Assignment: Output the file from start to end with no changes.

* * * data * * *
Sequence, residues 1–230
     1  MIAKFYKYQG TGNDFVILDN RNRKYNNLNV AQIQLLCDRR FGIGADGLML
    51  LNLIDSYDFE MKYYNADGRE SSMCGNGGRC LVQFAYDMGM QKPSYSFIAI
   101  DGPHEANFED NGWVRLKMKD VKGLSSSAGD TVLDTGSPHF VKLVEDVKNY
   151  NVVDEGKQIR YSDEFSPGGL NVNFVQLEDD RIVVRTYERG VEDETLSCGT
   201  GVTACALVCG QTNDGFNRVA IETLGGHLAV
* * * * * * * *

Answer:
Sequence, residues 1–230
     1  MIAKFYKYQG TGNDFVILDN RNRKYNNLNV AQIQLLCDRR FGIGADGLML
    51  LNLIDSYDFE MKYYNADGRE SSMCGNGGRC LVQFAYDMGM QKPSYSFIAI
   101  DGPHEANFED NGWVRLKMKD VKGLSSSAGD TVLDTGSPHF VKLVEDVKNY
   151  NVVDEGKQIR YSDEFSPGGL NVNFVQLEDD RIVVRTYERG VEDETLSCGT
   201  GVTACALVCG QTNDGFNRVA IETLGGHLAV